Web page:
1 June 2015
Holding the function of presidency of the Council of the European Union still provides an important opportunity for Member States to set priorities for discussion and obtain political agreement. Commissioned by the incumbent Latvian presidency, the commonplace small- and medium-sized urban area (SMUA) is one of those priorities brought to the EUKN attention in a soon to be published report written in collaboration with the HESPI (Vidzemes Augstkola University of Applied Sciences). To mark the end of Latvia’s presidency and to fully understand why SMUAs are an important political topic for Europe, the EUKN exclusively talks to Ilona Raugze, Deputy State Secretary of the Ministry of Environmental Protection and Regional Development.
EUKN: As Latvia is approaching the end its Presidency of the Council of the EU, what have been the highs and lows for the Ministry of Environmental Protection and Regional Development in its contribution?
IR: Considering that we are still in the middle of the process of leading the council work and chairing the presidency, it is of course at this point still quite difficult to draw a final conclusion regarding the highs and the lows. However, as far as our contribution goes and the results that I can already see, I am very satisfied with the job we’ve done. We have drafted the Riga declaration, which will contain a number of very important political messages for on-going work during the next presidencies. This includes the topic of small- and medium-sized urban areas, as identified in our presidency priorities and trio presidency priorities, but also on the overall framework of the EU urban agenda, which is the final goal of the up-and-coming Dutch presidency to be adopted in 2016. We think that our main contribution is related to the fact that we have put onto paper the main principles and elements that should be at the basis of elaborating this urban agenda. We have brought to the fore specific issues of importance regarding the current and potential development of SMUAs. Thanks must also go to a very successful co-operation within the trio, the European Commission as well as the great support from our researchers the EUKN and HESPI.
EUKN: Latvia’s urban development priorities have focused strongly on small- and medium-sized urban areas, why is this, and have expectations been met regarding the attention to problems and the potentials of such urban areas?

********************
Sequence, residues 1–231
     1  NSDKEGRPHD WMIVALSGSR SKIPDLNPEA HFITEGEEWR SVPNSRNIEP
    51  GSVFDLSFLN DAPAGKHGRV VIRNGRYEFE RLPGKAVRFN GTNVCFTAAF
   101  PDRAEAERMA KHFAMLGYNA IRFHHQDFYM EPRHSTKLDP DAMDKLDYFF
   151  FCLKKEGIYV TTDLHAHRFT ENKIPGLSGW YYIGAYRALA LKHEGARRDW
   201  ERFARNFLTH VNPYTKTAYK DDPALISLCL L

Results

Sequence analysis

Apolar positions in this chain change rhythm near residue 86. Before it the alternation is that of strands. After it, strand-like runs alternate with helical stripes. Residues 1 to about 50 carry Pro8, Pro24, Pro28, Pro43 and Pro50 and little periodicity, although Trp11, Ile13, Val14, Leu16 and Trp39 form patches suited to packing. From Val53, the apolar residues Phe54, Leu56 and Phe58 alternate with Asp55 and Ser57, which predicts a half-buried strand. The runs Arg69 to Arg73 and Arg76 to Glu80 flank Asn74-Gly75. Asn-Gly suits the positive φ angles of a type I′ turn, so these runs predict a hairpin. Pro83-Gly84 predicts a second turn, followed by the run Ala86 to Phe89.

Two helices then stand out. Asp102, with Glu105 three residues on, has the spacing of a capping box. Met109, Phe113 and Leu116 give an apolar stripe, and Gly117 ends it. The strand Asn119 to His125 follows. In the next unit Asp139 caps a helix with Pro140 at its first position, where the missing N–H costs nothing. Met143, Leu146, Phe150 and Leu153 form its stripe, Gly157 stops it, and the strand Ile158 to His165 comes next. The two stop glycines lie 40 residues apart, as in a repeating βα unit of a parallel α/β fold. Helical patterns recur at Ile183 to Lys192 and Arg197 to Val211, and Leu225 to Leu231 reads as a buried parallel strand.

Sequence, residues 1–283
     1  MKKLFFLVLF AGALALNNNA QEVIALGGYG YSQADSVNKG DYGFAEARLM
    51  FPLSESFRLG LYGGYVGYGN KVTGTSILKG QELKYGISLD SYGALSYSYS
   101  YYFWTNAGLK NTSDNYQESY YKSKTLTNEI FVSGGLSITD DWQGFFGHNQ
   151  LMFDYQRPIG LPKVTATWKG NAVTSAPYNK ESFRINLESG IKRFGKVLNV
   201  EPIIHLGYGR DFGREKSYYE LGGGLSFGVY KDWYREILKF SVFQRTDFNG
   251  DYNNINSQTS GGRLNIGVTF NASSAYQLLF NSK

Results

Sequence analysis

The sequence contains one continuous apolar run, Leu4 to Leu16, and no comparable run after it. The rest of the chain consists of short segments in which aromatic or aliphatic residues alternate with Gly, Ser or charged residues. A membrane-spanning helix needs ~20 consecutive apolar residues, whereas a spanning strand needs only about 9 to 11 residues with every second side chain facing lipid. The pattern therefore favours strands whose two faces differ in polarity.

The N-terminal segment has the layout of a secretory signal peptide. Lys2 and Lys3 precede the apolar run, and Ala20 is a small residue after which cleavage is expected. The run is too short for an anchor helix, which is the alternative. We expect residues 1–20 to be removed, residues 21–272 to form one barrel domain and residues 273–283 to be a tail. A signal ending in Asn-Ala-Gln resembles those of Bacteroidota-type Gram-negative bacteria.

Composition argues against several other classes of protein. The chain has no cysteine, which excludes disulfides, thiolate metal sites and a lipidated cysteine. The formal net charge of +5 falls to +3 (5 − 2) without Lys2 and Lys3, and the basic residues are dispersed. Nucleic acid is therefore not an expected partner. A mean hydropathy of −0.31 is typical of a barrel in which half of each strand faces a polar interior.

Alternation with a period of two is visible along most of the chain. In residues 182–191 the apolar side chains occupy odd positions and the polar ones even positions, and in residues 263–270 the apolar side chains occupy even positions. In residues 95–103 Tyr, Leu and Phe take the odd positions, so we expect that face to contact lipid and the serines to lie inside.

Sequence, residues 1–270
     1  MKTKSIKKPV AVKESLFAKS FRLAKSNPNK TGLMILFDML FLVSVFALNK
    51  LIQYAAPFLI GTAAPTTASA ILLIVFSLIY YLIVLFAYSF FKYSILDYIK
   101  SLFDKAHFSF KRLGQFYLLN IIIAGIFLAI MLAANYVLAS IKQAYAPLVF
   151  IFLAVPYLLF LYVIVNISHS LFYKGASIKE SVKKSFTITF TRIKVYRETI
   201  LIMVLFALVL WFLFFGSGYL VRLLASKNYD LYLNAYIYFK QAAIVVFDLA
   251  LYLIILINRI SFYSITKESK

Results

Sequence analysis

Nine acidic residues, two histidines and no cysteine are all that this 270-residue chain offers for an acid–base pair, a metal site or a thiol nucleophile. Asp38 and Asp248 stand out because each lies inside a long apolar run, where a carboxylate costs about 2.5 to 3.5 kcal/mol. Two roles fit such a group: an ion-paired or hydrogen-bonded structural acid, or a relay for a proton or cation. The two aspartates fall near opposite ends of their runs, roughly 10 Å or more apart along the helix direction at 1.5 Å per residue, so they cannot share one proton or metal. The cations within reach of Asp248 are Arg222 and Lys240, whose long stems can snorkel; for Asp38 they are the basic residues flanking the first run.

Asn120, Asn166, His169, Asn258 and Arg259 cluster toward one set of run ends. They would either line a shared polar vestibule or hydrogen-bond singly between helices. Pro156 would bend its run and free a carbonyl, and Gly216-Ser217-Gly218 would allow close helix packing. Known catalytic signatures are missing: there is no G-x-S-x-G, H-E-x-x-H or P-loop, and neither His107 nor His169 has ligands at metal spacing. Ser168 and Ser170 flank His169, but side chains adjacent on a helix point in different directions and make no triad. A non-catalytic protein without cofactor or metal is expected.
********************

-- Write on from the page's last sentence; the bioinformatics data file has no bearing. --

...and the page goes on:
IR: We wanted to focus the discussions of urban development beyond the challenges and issues of large metropolitan areas. We wanted to draw the attention of Europe towards what is actually a prevailing type of settlement. There are more than 8,000 small- and medium-sized urban areas, which are home to a quarter of Europe’s population. They have their own challenges and their own potential and should not be neglected due to a smaller number yet, politically more influential bigger cities. In Latvia, we view urban development as an integrated national and regional topic. Cities and towns do not hang in the air; they have a territorial context, and so the topic of SMUAs actually allows us to combine regional and territorial development. The development of SMUAs sustains the vital rural-urban contribution and co-operation, therefore we think that this topic has allowed us to keep a wider perspective on regional development issues. Adding to that, SMUAs are different in terms of development trends. They have experienced higher GDP growth rate compared to metropolitan regions where you see that the mean per capita GDP growth was only at the level of 20% when in the regions containing SMUAs, the mean per capita GDP growth was at the level of 41%. Other interesting facts point to the rate of unemployment, which is on average lower compared to the larger metropolitan areas. Poverty rates tend to be lower than in larger areas also. Furthermore, SMUAs present more favourable environmental conditions due to their proximity to green areas and to lower congestion levels, resulting in a greater quality of life. Housing costs are comparatively lower and at the same time they have enough conditions for smart economic development. However, for all of this to work, SMUAs really have to work smart. They have to identify their specialisations and understand what functional links they need to build with larger metropolitan areas and their surrounding neighbouring towns of similar scales. Such co-operation will pinpoint the critical amount of resources necessary in order to be competitive. In terms of EU policy making and the European urban agenda, the potential, the existing contribution and the overall development of existing SMUAs remains a topic in need of further attention and work.